During Asbury's life in America he traveled over 270,000 miles on horseback  to nearly every part of the young American nation1.  He was known to often rise at 4 AM and begin his day with prayer and Bible study2.  A man does not simply decide one day that he is going to exert every ounce of his will, strength, and heart towards the success of a movement.  The roots for Asbury's dedication and example were laid in his childhood in England.  
    Asbury was born into a traditional (for the day) Methodist home in a small town on the fringe of Birmingham, England.  His mother, Elizabeth, had a tremendous influence on his religious development, so much so that she could be referred to as the "Mother of American Methodism."3  From a young age Asbury was fascinated and intrigued by the Bible and related literature.  He began reading the Bible when he was six, at fourteen he began reading sermons written by George Whitefield and John Cennick, and soon was attending, at the suggestion of his mother, Methodist meetings at Wednesbury4.   Asbury's gifts for preaching grew and when he was eighteen he received official status as a local Methodist preacher.  In addition to his preaching, Asbury was an apprentice to a local worker.  He would often rise at 4AM to complete his work and then walk four to five miles to attend Methodist gatherings to worship.5  At age twenty-one Asbury replaced William Orpe as the itinerant preacher for his circuit and was soon made a "helper" to James Glassbrook.  From Glassbrook Asbury learned what it took to be an itinerant preacher and the lessons Asbury learned would serve him well6.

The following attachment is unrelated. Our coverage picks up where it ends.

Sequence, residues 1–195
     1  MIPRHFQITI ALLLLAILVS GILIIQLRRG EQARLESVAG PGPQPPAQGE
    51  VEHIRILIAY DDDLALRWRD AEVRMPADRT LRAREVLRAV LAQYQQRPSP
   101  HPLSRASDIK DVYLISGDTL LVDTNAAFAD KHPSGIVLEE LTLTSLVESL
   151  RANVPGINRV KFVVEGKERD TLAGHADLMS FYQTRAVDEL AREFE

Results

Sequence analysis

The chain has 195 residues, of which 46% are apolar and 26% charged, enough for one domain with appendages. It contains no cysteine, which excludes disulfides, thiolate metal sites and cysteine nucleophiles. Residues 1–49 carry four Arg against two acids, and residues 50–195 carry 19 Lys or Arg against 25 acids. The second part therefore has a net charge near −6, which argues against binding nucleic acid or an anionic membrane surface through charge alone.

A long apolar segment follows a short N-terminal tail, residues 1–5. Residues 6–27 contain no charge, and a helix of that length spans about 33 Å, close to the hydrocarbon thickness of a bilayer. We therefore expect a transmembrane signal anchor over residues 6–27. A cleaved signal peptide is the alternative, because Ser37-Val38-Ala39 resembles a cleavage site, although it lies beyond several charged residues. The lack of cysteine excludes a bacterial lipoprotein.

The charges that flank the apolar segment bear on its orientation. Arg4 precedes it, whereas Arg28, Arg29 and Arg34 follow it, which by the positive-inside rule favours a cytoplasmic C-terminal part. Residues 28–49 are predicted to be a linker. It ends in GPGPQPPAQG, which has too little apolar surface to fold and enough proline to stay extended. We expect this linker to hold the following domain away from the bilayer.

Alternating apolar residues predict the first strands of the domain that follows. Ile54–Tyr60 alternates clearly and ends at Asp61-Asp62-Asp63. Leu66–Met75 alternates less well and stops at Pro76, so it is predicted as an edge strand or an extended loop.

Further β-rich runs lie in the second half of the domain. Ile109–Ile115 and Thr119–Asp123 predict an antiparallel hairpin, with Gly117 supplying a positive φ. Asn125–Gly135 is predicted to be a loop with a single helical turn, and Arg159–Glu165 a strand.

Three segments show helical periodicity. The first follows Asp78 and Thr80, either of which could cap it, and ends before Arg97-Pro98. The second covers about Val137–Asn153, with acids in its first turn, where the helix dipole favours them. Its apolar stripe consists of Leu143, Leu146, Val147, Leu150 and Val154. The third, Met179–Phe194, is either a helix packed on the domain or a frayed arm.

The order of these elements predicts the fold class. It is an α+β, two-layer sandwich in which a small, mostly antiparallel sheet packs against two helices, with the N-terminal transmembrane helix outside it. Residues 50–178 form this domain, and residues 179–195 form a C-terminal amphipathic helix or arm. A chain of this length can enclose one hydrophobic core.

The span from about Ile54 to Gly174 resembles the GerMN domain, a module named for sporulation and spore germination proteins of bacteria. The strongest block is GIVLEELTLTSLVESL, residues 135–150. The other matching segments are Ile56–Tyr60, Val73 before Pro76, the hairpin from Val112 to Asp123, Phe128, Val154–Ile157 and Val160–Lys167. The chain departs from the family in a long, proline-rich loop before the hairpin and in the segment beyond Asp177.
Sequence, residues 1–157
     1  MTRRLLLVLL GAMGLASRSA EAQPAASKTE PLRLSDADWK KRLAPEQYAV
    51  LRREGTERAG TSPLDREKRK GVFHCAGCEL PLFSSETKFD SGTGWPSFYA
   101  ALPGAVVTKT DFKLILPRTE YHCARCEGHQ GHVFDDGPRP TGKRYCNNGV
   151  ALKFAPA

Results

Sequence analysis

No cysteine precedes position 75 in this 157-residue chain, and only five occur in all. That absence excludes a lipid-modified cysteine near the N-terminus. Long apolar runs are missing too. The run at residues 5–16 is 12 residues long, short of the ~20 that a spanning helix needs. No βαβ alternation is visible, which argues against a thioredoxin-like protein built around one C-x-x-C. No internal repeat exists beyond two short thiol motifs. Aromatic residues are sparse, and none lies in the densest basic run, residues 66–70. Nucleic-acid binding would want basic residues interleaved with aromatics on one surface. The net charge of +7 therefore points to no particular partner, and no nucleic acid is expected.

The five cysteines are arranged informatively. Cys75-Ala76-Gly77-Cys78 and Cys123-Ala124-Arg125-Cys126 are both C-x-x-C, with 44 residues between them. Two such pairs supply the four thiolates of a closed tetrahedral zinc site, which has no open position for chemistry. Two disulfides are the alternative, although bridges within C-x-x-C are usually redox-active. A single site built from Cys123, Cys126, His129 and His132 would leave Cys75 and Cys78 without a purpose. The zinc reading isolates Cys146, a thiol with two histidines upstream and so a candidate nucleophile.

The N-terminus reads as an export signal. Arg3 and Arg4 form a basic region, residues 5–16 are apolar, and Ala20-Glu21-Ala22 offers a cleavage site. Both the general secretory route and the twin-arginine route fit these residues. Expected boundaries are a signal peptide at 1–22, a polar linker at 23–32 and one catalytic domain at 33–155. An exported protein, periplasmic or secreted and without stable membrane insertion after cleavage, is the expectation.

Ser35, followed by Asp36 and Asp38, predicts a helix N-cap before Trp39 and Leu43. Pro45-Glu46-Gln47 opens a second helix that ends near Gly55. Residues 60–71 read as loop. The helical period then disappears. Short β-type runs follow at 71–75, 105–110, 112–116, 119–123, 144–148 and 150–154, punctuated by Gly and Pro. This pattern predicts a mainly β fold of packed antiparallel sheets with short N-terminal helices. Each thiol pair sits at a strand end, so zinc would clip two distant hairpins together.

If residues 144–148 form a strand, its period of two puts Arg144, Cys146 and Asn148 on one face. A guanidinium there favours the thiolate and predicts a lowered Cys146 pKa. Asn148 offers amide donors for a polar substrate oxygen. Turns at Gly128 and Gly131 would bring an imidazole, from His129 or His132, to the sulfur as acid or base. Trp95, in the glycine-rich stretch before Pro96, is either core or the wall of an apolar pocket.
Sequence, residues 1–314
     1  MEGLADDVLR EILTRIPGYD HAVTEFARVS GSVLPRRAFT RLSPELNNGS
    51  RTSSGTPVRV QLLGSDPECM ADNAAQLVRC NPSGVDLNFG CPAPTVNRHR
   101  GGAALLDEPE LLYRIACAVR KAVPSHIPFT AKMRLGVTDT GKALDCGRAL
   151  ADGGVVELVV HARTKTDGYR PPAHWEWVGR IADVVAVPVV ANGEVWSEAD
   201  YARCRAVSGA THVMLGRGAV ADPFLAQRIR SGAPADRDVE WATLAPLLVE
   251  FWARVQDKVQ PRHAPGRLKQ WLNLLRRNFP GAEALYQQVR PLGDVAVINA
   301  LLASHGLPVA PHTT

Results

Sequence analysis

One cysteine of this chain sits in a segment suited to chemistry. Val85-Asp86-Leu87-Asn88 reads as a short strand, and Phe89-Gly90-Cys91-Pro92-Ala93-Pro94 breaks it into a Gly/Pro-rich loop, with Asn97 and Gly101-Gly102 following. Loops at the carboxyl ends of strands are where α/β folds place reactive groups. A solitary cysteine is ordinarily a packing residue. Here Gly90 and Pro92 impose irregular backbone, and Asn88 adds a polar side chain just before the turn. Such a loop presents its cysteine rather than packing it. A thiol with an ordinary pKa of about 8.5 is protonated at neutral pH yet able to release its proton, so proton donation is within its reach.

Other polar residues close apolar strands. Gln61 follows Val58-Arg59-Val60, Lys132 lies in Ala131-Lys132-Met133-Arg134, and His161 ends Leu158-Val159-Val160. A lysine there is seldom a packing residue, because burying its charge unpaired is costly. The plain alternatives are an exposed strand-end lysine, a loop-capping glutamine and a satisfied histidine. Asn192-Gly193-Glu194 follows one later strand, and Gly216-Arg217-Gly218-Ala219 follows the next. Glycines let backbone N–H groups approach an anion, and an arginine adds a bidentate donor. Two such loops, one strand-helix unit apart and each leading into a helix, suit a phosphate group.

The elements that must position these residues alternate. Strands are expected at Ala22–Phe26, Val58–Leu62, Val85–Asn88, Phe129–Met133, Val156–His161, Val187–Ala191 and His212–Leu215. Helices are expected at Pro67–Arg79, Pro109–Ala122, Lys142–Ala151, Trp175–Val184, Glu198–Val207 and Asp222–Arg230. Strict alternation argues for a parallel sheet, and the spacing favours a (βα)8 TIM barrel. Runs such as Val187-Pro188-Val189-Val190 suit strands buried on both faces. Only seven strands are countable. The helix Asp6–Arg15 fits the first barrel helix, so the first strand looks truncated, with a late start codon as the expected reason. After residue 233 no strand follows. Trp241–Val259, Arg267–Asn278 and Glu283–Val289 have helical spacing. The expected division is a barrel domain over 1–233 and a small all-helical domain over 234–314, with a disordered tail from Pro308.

Asbury continued to be a successful itinerant in England and his reputation grew until he was eventually asked by John Wesley in 1771 to travel to the young American Conference and assist the fledgling ministry taking place there.

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Early Methodism in America
Asbury's Early Life
Asbury before the Revolutionary War
Asbury during the Revolutionary War
Asbury after the Revolutionary War
Bibliography
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   1Library of Congress  
   2Frank Baker, From Wesley to Asbury (Durham: Duke University Press, 1976), 136
  
3Frank Baker, From Wesley to Asbury (Durham: Duke University Press, 1976), 107
   4Frank Baker, From Wesley to Asbury (Durham: Duke University Press, 1976), 109
   5Frank Baker, From Wesley to Asbury (Durham: Duke University Press, 1976), 111
   6Frank Baker, From Wesley to Asbury (Durham: Duke University Press, 1976), 113